We shall show that the operator Φ has a fixed point in the space <a onClick="popup('http://www.boundaryvalueproblems.com/content/2013/1/193/mathml/M60','MathML',630,470);return false;" target="_blank" href="http://www.boundaryvalueproblems.com/content/2013/1/193/mathml/M60">View MathML</a>, which is the mild solution of (1). Let <a onClick="popup('http://www.boundaryvalueproblems.com/content/2013/1/193/mathml/M153','MathML',630,470);return false;" target="_blank" href="http://www.boundaryvalueproblems.com/content/2013/1/193/mathml/M153">View MathML</a>, <a onClick="popup('http://www.boundaryvalueproblems.com/content/2013/1/193/mathml/M154','MathML',630,470);return false;" target="_blank" href="http://www.boundaryvalueproblems.com/content/2013/1/193/mathml/M154">View MathML</a>, where <a onClick="popup('http://www.boundaryvalueproblems.com/content/2013/1/193/mathml/M155','MathML',630,470);return false;" target="_blank" href="http://www.boundaryvalueproblems.com/content/2013/1/193/mathml/M155">View MathML</a> is defined by

<a onClick="popup('http://www.boundaryvalueproblems.com/content/2013/1/193/mathml/M156','MathML',630,470);return false;" target="_blank" href="http://www.boundaryvalueproblems.com/content/2013/1/193/mathml/M156">View MathML</a>

Then <a onClick="popup('http://www.boundaryvalueproblems.com/content/2013/1/193/mathml/M157','MathML',630,470);return false;" target="_blank" href="http://www.boundaryvalueproblems.com/content/2013/1/193/mathml/M157">View MathML</a>, and it is clear that x satisfies (1) if and only if z satisfies <a onClick="popup('http://www.boundaryvalueproblems.com/content/2013/1/193/mathml/M158','MathML',630,470);return false;" target="_blank" href="http://www.boundaryvalueproblems.com/content/2013/1/193/mathml/M158">View MathML</a> and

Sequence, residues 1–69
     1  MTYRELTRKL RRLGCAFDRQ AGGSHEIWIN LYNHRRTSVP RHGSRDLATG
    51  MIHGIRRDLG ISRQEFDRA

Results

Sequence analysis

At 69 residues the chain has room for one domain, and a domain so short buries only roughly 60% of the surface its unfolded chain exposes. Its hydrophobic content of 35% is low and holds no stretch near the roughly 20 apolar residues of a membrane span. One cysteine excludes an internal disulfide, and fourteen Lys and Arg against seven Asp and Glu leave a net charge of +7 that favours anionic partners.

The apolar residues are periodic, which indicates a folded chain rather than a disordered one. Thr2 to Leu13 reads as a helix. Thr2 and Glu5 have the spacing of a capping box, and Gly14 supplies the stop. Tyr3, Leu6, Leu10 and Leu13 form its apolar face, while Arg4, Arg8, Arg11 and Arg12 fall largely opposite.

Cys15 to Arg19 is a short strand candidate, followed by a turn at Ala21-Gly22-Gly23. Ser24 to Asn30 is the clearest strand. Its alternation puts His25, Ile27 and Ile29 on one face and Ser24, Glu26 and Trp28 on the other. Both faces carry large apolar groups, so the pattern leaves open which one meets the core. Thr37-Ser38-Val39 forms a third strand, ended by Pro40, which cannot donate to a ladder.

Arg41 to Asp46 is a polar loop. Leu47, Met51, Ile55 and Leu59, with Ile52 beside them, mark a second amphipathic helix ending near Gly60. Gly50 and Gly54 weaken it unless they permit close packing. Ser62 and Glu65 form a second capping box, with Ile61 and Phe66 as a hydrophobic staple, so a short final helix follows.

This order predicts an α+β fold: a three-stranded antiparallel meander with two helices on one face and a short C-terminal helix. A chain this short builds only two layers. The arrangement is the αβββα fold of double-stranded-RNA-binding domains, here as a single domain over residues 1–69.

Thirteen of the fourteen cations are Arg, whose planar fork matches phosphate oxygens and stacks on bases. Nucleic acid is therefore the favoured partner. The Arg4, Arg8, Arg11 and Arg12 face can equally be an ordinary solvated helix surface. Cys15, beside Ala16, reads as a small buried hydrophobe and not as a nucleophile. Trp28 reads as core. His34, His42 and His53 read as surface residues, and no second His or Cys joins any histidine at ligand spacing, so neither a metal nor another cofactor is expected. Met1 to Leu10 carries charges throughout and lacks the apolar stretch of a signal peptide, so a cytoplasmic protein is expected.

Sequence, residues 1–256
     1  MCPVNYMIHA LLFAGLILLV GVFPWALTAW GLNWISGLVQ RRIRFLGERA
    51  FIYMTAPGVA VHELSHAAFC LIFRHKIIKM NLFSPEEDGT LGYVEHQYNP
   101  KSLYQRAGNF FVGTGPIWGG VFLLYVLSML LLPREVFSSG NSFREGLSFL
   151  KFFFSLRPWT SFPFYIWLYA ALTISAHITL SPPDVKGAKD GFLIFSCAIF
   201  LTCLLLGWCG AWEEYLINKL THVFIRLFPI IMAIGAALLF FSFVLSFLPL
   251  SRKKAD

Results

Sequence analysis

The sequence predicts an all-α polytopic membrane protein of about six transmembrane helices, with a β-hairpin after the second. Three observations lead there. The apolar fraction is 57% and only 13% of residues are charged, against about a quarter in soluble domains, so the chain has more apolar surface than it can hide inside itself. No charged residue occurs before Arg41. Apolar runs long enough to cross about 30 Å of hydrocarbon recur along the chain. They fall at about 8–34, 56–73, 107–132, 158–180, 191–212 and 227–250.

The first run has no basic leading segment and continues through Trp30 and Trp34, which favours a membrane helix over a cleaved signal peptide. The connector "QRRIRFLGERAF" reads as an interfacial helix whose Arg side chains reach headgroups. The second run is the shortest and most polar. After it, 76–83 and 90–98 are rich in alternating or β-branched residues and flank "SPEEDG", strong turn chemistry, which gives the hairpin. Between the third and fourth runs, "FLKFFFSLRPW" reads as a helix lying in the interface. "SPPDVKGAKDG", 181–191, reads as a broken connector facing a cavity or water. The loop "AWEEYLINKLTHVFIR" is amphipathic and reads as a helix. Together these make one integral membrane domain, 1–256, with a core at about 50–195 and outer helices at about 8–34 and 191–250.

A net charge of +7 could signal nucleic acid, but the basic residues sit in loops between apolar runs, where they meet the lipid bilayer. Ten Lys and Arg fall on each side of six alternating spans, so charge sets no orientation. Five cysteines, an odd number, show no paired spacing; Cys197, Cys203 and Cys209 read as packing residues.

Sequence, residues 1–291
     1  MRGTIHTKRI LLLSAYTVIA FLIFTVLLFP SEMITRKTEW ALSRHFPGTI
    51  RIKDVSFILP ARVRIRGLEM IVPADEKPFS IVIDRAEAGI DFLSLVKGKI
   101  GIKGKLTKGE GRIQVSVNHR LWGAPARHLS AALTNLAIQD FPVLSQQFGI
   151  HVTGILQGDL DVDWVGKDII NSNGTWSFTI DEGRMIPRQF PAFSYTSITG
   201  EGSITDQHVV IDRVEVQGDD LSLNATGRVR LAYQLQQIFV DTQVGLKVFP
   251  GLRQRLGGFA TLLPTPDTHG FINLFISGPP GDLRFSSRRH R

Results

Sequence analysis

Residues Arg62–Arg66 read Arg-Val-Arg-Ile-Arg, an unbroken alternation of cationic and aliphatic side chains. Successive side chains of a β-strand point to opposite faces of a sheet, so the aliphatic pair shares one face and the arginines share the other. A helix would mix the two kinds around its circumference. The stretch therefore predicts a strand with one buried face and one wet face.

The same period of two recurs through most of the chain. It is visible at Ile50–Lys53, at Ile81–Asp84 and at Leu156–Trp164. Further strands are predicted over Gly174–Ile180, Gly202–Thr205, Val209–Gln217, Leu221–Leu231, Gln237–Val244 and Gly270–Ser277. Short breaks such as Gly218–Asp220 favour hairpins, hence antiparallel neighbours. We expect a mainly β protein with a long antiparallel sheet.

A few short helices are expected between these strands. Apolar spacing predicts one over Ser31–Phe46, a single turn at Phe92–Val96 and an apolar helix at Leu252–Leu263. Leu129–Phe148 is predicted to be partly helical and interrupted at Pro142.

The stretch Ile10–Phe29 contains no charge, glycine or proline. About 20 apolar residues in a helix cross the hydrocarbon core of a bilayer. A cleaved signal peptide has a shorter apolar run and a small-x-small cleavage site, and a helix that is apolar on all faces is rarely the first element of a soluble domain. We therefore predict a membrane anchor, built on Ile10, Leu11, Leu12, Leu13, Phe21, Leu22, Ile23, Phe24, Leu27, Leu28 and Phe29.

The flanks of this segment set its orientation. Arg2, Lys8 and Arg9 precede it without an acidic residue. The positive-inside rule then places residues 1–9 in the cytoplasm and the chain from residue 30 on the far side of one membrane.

<a onClick="popup('http://www.boundaryvalueproblems.com/content/2013/1/193/mathml/M159','MathML',630,470);return false;" target="_blank" href="http://www.boundaryvalueproblems.com/content/2013/1/193/mathml/M159">View MathML</a>

Set <a onClick="popup('http://www.boundaryvalueproblems.com/content/2013/1/193/mathml/M160','MathML',630,470);return false;" target="_blank" href="http://www.boundaryvalueproblems.com/content/2013/1/193/mathml/M160">View MathML</a>, and for any <a onClick="popup('http://www.boundaryvalueproblems.com/content/2013/1/193/mathml/M161','MathML',630,470);return false;" target="_blank" href="http://www.boundaryvalueproblems.com/content/2013/1/193/mathml/M161">View MathML</a>, we define